Control or re-treat? Model-based guidelines for managing established plant invasions.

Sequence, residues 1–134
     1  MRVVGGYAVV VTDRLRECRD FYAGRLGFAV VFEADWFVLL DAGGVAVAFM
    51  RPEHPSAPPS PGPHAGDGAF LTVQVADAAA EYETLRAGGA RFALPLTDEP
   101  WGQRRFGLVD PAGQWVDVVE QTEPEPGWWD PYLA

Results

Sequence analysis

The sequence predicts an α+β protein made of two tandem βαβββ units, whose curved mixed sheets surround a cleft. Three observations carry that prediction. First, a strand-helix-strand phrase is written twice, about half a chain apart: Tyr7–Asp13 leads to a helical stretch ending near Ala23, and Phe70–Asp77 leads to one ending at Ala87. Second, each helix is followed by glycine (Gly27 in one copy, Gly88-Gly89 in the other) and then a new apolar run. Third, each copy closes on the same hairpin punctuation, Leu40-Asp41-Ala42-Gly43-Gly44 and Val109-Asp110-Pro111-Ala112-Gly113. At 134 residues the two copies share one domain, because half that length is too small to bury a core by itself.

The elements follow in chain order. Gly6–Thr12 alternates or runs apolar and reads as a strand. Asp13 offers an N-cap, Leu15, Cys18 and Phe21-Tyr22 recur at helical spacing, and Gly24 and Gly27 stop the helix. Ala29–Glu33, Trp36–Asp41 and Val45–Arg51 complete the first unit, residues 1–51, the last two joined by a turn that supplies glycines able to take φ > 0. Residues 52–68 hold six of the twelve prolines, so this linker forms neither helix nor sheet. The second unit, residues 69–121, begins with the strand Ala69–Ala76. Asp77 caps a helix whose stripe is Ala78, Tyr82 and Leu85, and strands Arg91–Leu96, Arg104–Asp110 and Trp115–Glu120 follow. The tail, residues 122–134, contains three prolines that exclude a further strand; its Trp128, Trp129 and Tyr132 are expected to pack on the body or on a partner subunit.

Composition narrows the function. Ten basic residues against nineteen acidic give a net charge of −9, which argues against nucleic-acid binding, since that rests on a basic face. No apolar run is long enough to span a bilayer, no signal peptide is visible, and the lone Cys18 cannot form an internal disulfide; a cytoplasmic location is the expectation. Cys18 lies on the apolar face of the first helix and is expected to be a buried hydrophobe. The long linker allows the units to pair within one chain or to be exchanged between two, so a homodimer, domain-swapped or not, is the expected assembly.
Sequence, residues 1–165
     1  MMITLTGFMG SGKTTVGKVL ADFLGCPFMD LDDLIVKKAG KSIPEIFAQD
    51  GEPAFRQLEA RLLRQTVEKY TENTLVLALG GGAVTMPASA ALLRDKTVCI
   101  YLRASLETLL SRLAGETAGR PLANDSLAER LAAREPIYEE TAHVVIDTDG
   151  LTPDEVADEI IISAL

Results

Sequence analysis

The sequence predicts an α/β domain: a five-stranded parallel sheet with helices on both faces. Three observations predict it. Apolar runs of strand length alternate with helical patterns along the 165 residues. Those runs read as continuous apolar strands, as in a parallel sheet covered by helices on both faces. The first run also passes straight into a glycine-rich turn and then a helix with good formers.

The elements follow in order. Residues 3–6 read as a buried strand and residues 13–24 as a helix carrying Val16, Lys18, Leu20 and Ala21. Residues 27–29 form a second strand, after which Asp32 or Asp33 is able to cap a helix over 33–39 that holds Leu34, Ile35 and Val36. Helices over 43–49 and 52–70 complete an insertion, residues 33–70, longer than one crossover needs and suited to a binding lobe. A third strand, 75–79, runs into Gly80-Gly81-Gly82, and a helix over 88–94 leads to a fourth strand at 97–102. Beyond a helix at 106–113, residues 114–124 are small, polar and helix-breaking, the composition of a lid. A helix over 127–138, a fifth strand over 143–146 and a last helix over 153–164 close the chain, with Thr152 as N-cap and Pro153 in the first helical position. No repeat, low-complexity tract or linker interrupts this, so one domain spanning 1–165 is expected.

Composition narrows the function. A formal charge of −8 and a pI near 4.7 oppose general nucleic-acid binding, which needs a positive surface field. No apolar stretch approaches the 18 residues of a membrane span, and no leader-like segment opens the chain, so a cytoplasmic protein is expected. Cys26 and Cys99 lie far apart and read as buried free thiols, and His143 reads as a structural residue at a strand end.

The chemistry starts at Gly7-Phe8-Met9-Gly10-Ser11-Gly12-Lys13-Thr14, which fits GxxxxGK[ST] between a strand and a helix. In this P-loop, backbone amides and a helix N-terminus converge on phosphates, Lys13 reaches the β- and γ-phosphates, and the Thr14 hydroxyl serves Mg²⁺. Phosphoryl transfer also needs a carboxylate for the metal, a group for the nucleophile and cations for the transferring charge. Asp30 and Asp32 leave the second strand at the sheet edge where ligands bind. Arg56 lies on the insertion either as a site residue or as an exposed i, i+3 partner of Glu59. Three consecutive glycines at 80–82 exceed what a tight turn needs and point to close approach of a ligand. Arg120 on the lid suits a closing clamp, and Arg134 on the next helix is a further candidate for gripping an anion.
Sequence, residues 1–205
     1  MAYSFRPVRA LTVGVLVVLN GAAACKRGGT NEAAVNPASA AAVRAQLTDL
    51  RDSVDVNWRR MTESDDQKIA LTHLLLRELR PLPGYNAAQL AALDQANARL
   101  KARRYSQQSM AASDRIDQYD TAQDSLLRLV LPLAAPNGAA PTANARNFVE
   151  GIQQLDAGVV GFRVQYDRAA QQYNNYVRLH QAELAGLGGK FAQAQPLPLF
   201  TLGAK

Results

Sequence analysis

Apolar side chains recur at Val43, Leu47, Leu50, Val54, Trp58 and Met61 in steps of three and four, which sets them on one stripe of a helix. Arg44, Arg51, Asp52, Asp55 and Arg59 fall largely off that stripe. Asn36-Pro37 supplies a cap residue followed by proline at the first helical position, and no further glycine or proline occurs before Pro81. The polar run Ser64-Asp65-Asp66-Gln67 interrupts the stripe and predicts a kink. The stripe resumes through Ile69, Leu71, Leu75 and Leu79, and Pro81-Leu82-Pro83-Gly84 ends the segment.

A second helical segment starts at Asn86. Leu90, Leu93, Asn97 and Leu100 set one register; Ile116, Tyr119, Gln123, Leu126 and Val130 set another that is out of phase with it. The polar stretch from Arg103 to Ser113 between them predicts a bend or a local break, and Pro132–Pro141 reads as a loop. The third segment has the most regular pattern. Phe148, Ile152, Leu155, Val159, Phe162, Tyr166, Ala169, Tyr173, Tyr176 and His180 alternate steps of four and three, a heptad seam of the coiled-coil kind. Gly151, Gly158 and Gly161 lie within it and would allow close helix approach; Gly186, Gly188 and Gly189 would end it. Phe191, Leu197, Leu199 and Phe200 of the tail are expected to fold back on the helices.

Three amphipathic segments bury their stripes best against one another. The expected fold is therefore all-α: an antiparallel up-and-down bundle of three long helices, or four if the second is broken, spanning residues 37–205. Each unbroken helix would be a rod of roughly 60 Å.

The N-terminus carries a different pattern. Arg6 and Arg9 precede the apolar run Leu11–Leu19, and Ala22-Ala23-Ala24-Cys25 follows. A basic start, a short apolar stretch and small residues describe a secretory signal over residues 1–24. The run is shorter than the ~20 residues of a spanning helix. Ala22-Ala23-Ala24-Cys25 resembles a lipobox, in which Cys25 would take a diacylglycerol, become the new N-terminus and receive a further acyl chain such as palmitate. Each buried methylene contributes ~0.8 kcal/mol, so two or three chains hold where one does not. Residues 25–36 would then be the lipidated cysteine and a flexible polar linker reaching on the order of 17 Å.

Established invasions have wide-ranging negative impacts but constraints relating to invader detectability, cost, and efficacy of control may hamper management efforts. One choice that managers face is whether to target control efforts at heavily invaded areas that are sources of invasive propagules or to re-treat previously controlled areas that may be cheaper to control and in which local elimination may be achieved. We developed a mathematical model for the dynamics and control of a plant invasion to determine whether prioritizing heavily invaded or recently controlled areas better achieves each of two management objectives: minimizing the total number of detectable invaded sites (eradication) or heavily invaded sites only (beautification). We provide general guidelines for management by considering how invader traits, budgetary and time constraints, and control efficacy influence prioritization of control efforts and discuss their applicability to long-established invasive plants. For a wide range of invaders and control types, we find that prioritizing heavily-invaded sites performs better for meeting the beautification objective, while re-treating previously controlled sites better achieves eradication. However, combinations of invader traits can lead to the alternate strategy being favored for each management objective, while the optimal choice of management strategy can switch depending on the time horizon of control and annual budget. We summarize model findings to provide general guidelines for invasion managers on how to efficiently allocate limited resources based on invader life history, control cost, and mode of action.